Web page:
Earthquakes shake close to home
A 7.1 earthquake shook on Friday, July 5. The newest quake's epicenter was about 10 miles north-northeast of Ridgecrest, Calif., about 150 miles northeast of Los Angeles. It follows the back-to-back 6.4 quake that occurred on Thursday, in the same Ridgecrest area which experienced over 100 aftershocks. According to the United States Geological Survey (USGS), Thursdays earthquake is now being considered a foreshock to Friday's larger event.
"Every earthquake makes another earthquake more likely and that's what we are seeing right here," Caltech seismologist Dr. Lucy Jones said on Friday. "The first one is often not the biggest one."
Reba (Liggett) Miller, originally from Mankato, Kansas now lives in Tujunga, Calif., on the north side of Los Angeles. This was the second quake she, her husband Ross and their 11 month old son Calvin, felt in the last two days. The first quake was the 6.4 tremor on July 4 that was centered in the same area.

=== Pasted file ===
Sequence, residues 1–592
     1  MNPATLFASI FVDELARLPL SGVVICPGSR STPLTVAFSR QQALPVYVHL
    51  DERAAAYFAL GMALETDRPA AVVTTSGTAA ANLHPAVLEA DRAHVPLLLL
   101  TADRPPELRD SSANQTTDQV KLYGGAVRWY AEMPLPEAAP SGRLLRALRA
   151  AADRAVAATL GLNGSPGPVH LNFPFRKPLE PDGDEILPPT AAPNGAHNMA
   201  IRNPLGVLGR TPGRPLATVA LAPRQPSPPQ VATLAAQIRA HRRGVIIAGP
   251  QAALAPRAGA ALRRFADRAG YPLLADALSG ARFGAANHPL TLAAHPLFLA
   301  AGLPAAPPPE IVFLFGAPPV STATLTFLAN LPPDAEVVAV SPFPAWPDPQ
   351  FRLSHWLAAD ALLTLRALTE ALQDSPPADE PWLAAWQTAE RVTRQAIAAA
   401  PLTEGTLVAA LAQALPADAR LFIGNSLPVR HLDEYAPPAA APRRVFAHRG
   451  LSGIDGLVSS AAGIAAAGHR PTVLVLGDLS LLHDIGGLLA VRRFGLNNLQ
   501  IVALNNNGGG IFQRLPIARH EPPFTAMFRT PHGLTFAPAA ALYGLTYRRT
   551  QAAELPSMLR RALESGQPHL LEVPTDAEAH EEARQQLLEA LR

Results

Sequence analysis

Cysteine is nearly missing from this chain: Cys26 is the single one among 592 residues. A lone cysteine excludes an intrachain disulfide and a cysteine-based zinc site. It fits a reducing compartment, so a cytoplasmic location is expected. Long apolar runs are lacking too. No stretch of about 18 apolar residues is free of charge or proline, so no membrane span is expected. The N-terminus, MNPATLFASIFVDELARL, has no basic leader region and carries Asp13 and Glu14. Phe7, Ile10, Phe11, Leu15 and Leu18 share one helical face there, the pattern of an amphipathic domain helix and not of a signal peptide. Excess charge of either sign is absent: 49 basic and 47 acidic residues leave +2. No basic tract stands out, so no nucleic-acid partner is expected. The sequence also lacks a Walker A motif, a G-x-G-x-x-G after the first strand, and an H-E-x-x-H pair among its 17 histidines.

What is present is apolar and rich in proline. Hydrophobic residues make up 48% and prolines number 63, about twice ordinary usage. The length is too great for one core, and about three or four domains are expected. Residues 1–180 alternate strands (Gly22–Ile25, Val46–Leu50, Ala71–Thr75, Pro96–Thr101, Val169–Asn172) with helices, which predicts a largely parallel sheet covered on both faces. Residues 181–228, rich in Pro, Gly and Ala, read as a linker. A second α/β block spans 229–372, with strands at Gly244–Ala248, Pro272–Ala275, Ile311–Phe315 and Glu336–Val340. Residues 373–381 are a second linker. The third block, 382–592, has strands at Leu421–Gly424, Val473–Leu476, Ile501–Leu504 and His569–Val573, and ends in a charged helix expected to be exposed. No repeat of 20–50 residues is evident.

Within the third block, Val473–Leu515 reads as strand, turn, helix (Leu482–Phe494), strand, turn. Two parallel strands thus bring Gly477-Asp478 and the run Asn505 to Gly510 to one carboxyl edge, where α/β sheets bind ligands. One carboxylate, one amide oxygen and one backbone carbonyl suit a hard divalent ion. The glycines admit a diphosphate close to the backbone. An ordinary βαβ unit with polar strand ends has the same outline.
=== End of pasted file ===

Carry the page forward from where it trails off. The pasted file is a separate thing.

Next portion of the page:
"On Thursday, we were in our back yard working and we heard the whole house creak," said Reba.
After Friday's 7.1 shake, Reba said she was holding Calvin on the couch and was rooted to the spot.
"The whole house just started rolling with the wave," said Reba. "I've heard that the likelihood of having a bigger earthquake after two like this is slim, but I've also heard big ones like these just build up pressure for a bigger one down the line. Everyone here is still saying the 'big one' is coming. I'm trying to stay positive that those were it, but I'm for sure getting my emergency earthquake kit together after this. Personally, I'd take a Kansas tornado over an earthquake any day."
After closer observation, Reba said she noticed her sons changing table was shaken loose from the wall anchor in his room.
"I walked in later Saturday and saw one side was three inches from the wall," said Reba. "So far, that is the only noticeable damage we have received."
Oddly enough, the Jewell county area where Reba grew up, are no strangers to feeling some effects of earthquakes on a smaller scale.
Read more of this story in Wednesday's Beloit Call...